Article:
There is no easy window into the mysteries and paradoxes of Roosevelt, but one outstanding trait, on which almost everybody would agree, is courage. I will not mention for the moment his indomitable conquest of a crippling disability, or even that he cared little for personal safety. After the attempt on his life in Miami in 1933, when Mayor Cermak of Chicago was assassinated, he was the calmest person present. Twice he insisted that his automobile stop in the very middle of the melee, so that he could render Cermak aid. The precautions imposed on him by law, and faithfully executed by a magnificent Secret Service, bored and irritated him. Obviously Mr. Roosevelt was one of those lucky ones who are born without any sense of physical fear, which is the more remarkable because most men without physical fear are unimaginative ; they are likely to be among the least sensitive of the inhabitants of the earth's surface. But FDR was both extremely imaginative and sensitive to a marked degree. Even so, he had no physical fear except about one thing-fire. He hated and feared fire, and this was certainly reasonable enough, because if he were trapped in a sudden fire, his helplessness would have been complete. He was never allowed to travel except with a portable rig handy to get him out of wherever he was if a fire broke out.
I heard what I thought was a firecracker; then several more... The chauffeur started the car. I looked around and saw Mayor Cermak doubled up... I called to the chauffeur to stop. He did - about fifteen feet from where we started. The Secret Service man shouted to him to get out of the crowd and he started forward again... Mayor Cermak was alive but I didn't think he was going to last. I put my left arm around him and my hand on his pulse, but I couldn't find any pulse... For three blocks I believed his heart had stopped. I held him all the way to the hospital and his pulse constantly improved.
Anton Cermak, who created Chicago's Democratic machine, is shot while talking with the president-elect. Cermak died within a month.
Two notable immigrants stood in the crowd when President-elect Franklin D. Roosevelt emerged from a yacht in Miami on this date after a fishing trip in the Bahamas.One was Chicago Mayor Anton J. Cermak, a Bohemian-born politician who was the master builder of the city's Democratic Party.
The other was Giuseppe Zangara, an Italian immigrant with a ferocious hatred for politicians and their governments.
After a short speech, Roosevelt sat atop the back seat of a convertible and motioned Cermak to his side.
As the two spoke privately, Zangara raised a handgun and began shooting. He was aiming for Roosevelt, but he hit Cermak and four others. The crowd collapsed on Zangara, wrestling the gun from his hands and beating him.
Cermak was helped into Roosevelt's car, which sped to the hospital. During that ride, with Roosevelt at his side, Cermak uttered his famous line: "I am glad it was me instead of you."
Cermak died March 6. Zangara, who laughed when he was sentenced to die, was executed March 20.
Cermak, a man who once sold firewood out of a wagon, had worked his way up the political ranks, beginning in 1902 when he was elected to the legislature. He went on to win posts as alderman, municipal bailiff and Cook County Board president.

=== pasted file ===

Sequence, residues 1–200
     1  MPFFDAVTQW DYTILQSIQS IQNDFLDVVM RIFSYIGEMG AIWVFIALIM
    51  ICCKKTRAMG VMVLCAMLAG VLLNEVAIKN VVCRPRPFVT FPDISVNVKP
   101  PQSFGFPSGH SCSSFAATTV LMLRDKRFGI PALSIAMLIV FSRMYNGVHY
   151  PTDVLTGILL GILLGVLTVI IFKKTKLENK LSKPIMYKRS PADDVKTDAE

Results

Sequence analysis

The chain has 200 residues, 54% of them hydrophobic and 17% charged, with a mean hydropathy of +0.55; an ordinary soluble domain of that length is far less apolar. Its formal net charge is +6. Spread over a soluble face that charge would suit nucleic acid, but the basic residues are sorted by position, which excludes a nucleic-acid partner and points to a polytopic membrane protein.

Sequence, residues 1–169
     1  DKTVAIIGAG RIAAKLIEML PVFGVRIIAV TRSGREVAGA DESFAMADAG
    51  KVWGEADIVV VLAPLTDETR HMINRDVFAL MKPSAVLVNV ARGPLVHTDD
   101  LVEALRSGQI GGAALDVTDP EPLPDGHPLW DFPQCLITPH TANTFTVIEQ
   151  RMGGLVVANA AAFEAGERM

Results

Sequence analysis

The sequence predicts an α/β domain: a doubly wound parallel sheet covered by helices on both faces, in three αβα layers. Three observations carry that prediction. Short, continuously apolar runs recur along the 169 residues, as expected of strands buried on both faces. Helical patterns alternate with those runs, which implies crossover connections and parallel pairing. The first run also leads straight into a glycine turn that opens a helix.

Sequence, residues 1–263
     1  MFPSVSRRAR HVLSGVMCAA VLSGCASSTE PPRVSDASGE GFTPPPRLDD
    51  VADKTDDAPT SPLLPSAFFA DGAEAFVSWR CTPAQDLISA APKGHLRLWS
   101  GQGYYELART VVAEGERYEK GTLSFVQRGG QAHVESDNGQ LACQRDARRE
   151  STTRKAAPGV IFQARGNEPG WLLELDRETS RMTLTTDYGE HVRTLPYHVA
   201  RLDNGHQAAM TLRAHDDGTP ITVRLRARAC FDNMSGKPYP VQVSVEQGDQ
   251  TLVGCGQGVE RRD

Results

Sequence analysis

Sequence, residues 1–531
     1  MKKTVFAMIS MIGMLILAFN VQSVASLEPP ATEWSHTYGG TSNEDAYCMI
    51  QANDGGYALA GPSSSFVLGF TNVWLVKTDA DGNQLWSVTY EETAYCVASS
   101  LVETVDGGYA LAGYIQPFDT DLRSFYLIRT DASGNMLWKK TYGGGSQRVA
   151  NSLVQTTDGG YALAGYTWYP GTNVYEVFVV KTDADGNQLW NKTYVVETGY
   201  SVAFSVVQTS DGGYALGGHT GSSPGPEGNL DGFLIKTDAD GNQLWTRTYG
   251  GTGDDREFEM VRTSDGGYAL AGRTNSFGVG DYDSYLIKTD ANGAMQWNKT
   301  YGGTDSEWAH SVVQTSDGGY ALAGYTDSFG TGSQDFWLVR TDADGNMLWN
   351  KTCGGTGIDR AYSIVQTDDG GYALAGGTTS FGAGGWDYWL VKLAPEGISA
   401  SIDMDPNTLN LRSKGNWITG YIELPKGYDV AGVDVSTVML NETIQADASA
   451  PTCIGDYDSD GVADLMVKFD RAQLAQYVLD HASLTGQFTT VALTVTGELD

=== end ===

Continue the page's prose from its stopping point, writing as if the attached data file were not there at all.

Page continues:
In 1931, he was elected Chicago's 36th mayor, defeating scandal-plagued Republican William Hale "Big Bill" Thompson and establishing a Democratic stranglehold on the mayor's office.
Cermak built the strength of the Democratic Party by bringing together diverse factions, using clout and patronage to punish and reward. He could be ruthless, but also conciliatory.
His rewards, it is widely held, came from real estate deals and bootlegging.
While Cermak was in the hospital after the shooting, the Tribune wrote: "We think he faced his problems courageously and did the best that was in him to put this punch drunk city back on its feet, to restore its reputation in the eyes of the world, to re-establish its credit, to relieve its taxpayers and to pay its debts."
Edward J. Kelly, president of the South Park Board, was selected to succeed Cermak by his fellow Democrats on the City Council. Kelly won his first full term in 1935 and, fully in charge of the powerful Democratic machine Cermak had bequeathed him, ruled City Hall for another 12 years.
In the early evening of February 15, Nourmahal docked at Miami and Roosevelt hurried to Bay Front Park, where he was scheduled to address the annual encampment of the American Legion. Some 20,000 legionnaires crammed the brightly lit park to greet the president-elect. Roosevelt spoke briefly, perched on top of the backseat of his open car.
When he finished, he slid back into his seat and chatted amiably with Chicago mayor Anton Cermak, who was standing alongside, having made the pilgrimage to Miami to eat political crow. Suddenly, from a distance no more than forty feet away, five shots rang out in quick succession. Blood spurted from the hand of a nearby Secret Service agent, Mayor Cermak crumpled to the ground, a woman standing behind FDR was hit twice in the abdomen, and two other people were wounded. Roosevelt sat immobile and unflinching, his jaw set, ready for what might follow. He had been spared by inches. At the critical moment an alert spectator, Mrs. Lillian Cross, had hit the assassin's arm with her handbag and spoiled his aim.